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This article has been peer reviewed. It was published in: Biologics.

Volume 1, Issue 4, December 2007, Pages: 393-406.

The published version is available at PMID: 19707309 . Copyright © Dove Press.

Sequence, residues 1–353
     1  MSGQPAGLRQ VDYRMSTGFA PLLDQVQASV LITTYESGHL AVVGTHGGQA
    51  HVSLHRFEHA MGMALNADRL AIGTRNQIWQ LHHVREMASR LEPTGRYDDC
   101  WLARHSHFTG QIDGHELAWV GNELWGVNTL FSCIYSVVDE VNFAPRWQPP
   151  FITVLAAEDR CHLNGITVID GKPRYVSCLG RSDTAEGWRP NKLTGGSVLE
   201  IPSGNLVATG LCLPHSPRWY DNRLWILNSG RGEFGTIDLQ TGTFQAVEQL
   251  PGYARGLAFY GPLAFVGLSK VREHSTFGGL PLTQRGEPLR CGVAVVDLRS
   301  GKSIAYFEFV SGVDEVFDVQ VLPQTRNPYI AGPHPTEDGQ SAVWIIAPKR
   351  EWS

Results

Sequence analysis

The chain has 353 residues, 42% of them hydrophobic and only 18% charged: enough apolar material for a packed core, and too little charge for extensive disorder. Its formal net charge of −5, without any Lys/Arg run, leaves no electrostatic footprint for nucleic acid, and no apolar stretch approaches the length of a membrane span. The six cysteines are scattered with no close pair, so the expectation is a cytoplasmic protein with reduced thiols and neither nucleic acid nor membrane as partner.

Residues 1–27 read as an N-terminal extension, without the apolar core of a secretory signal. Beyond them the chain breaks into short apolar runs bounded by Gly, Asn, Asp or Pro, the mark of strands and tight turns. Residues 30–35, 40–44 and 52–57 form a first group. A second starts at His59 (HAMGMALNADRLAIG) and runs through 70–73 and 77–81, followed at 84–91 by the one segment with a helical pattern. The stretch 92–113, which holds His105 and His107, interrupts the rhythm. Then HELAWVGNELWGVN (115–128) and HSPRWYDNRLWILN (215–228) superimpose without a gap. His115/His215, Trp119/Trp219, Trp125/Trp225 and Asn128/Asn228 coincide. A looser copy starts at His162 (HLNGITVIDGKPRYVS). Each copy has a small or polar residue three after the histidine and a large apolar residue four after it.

The management of metastatic urothelial carcinoma (UC) of the bladder is a common and complex clinical challenge. Despite the fact that UC is one of the most frequent tumors in the population, long term survival for metastatic disease remains low, and chemotherapy is curative for only a small minority of patients. UC is genetically heterogeneous, and it is surrounded by a complex tissue microenvironment. The problems of clinical practice in the field of metastatic bladder cancer have begun to stimulate translational research. Advances in the understanding of the molecular biology of urothelial cancer continue to contribute to the identification of molecular pathways upon which new therapeutic approaches can be targeted. New agents and strategies have recently been developed which can direct the most appropriate choice of treatment for advanced disease. A review of literature published on the targeted therapy for metastatic bladder cancer is presented, focusing on the molecular pathways shut down by the new therapeutic agents.

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